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International Journal of Hepatology
Volume 2012, Article ID 760706, 23 pages
http://dx.doi.org/10.1155/2012/760706
Review Article

HIV-Antiretroviral Therapy Induced Liver, Gastrointestinal, and Pancreatic Injury

1Departments of Clinical Pharmacology and Toxicology, and Global Health, University of Toronto, ON, Canada M5G 1X8
2In Vitro Drug Safety and Biotechnology, University of Toronto, MaRS Discovery District, 101 College Street, Suite 300, Lab 351, Toronto, ON, Canada M5G 1L7
3Alcohol & Drug Abuse Research Unit, Medical Research Council, Tygerberg (Cape Town), South Africa
4Department of Psychiatry, Stellenbosch University, Tygerberg (Cape Town), South Africa

Received 26 November 2011; Revised 30 December 2011; Accepted 1 January 2012

Academic Editor: Lawrence Cohen

Copyright © 2012 Manuela G. Neuman et al. This is an open access article distributed under the Creative Commons Attribution License, which permits unrestricted use, distribution, and reproduction in any medium, provided the original work is properly cited.

Abstract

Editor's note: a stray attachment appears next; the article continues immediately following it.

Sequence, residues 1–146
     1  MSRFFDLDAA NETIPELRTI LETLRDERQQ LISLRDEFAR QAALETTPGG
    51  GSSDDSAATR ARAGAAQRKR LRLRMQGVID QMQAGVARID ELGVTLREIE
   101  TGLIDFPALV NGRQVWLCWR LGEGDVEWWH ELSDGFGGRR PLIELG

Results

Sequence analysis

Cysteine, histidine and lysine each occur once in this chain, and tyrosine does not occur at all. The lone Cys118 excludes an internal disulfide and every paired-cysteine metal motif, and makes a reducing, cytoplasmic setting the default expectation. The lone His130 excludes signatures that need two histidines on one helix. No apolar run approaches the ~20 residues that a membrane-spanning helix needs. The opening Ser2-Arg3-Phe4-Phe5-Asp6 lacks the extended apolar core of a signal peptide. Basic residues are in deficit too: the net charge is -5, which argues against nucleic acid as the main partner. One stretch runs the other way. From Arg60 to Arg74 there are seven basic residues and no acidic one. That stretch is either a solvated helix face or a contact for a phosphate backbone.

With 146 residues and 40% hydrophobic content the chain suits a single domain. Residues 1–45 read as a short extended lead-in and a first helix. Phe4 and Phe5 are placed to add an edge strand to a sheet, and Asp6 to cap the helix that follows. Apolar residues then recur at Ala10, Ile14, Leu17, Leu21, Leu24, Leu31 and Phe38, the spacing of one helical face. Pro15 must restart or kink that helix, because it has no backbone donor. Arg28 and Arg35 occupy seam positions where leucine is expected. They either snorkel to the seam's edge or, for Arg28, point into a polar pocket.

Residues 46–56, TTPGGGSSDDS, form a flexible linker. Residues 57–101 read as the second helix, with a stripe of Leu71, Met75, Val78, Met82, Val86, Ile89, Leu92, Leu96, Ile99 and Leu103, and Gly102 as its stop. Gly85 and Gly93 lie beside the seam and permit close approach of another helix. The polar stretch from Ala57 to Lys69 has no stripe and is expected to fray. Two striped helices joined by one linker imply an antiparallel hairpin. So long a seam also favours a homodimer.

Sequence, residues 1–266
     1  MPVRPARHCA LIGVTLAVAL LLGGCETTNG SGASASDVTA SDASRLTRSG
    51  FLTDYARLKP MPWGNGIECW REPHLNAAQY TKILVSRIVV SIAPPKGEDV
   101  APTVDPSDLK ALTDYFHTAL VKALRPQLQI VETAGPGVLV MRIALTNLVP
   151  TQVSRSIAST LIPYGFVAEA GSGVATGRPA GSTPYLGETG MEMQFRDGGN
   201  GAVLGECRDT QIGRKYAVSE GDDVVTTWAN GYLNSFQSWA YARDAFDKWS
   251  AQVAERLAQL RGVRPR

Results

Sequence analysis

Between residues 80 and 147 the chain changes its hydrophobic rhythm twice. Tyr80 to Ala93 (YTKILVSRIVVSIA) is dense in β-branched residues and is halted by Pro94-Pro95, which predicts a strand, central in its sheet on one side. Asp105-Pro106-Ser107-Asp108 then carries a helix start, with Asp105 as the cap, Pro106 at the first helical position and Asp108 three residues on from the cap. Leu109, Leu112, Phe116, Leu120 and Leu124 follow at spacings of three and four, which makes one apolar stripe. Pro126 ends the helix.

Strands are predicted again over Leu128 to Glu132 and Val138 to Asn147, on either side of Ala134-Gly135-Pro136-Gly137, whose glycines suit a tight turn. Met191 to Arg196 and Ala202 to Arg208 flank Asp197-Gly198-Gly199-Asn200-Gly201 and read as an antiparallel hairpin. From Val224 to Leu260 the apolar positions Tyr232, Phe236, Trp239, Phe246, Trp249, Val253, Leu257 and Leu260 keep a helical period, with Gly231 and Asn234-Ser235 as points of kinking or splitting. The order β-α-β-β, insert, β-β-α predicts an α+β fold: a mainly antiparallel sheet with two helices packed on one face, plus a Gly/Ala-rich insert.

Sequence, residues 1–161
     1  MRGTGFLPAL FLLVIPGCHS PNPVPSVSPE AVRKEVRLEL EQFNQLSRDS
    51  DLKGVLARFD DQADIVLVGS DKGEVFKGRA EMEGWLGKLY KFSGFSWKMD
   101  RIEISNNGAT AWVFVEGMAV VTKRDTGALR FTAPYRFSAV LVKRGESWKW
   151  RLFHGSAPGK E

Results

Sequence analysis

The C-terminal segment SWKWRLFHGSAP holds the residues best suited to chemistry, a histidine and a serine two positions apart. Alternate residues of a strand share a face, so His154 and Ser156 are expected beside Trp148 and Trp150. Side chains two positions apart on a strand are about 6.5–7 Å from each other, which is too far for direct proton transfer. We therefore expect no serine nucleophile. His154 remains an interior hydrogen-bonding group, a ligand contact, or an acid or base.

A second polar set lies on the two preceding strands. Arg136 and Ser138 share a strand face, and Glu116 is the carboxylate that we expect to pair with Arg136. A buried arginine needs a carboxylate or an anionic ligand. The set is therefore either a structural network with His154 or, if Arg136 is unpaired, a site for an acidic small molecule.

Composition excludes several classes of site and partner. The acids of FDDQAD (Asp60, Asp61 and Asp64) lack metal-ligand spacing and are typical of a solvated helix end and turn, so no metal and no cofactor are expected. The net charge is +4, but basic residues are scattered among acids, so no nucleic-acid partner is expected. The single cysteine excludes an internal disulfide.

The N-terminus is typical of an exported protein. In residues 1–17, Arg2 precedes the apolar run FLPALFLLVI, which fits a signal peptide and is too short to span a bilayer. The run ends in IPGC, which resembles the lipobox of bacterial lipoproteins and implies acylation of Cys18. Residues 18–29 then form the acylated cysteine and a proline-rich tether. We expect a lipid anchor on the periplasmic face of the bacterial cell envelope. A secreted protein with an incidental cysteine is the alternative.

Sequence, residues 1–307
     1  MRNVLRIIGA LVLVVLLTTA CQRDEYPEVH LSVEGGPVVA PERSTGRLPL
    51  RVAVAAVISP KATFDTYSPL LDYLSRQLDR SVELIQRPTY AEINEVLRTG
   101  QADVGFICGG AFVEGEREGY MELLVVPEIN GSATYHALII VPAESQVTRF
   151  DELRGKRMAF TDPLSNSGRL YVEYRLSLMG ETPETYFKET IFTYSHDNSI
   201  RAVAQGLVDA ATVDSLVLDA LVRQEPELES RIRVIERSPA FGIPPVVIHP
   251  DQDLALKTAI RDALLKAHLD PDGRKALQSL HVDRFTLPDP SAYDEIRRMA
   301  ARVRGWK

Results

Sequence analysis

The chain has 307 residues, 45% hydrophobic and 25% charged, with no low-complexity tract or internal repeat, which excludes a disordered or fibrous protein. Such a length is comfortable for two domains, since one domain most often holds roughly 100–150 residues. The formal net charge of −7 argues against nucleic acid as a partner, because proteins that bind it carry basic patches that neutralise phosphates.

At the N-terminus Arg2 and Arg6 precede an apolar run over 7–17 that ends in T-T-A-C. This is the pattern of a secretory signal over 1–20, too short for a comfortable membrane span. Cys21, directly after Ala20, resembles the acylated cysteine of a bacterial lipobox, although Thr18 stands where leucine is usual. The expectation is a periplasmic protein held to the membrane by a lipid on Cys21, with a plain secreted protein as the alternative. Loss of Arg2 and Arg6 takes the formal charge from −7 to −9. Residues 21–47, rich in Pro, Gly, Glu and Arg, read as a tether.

The present paper describes possible connections between antiretroviral therapies (ARTs) used to treat human immunodeficiency virus (HIV) infection and adverse drug reactions (ADRs) encountered predominantly in the liver, including hypersensitivity syndrome reactions, as well as throughout the gastrointestinal system, including the pancreas. Highly active antiretroviral therapy (HAART) has a positive influence on the quality of life and longevity in HIV patients, substantially reducing morbidity and mortality in this population. However, HAART produces a spectrum of ADRs. Alcohol consumption can interact with HAART as well as other pharmaceutical agents used for the prevention of opportunistic infections such as pneumonia and tuberculosis. Other coinfections that occur in HIV, such as hepatitis viruses B or C, cytomegalovirus, or herpes simplex virus, further complicate the etiology of HAART-induced ADRs. The aspect of liver pathology including liver structure and function has received little attention and deserves further evaluation. The materials used provide a data-supported approach. They are based on systematic review and analysis of recently published world literature (MedLine search) and the experience of the authors in the specified topic. We conclude that therapeutic and drug monitoring of ART, using laboratory identification of phenotypic susceptibilities, drug interactions with other medications, drug interactions with herbal medicines, and alcohol intake might enable a safer use of this medication.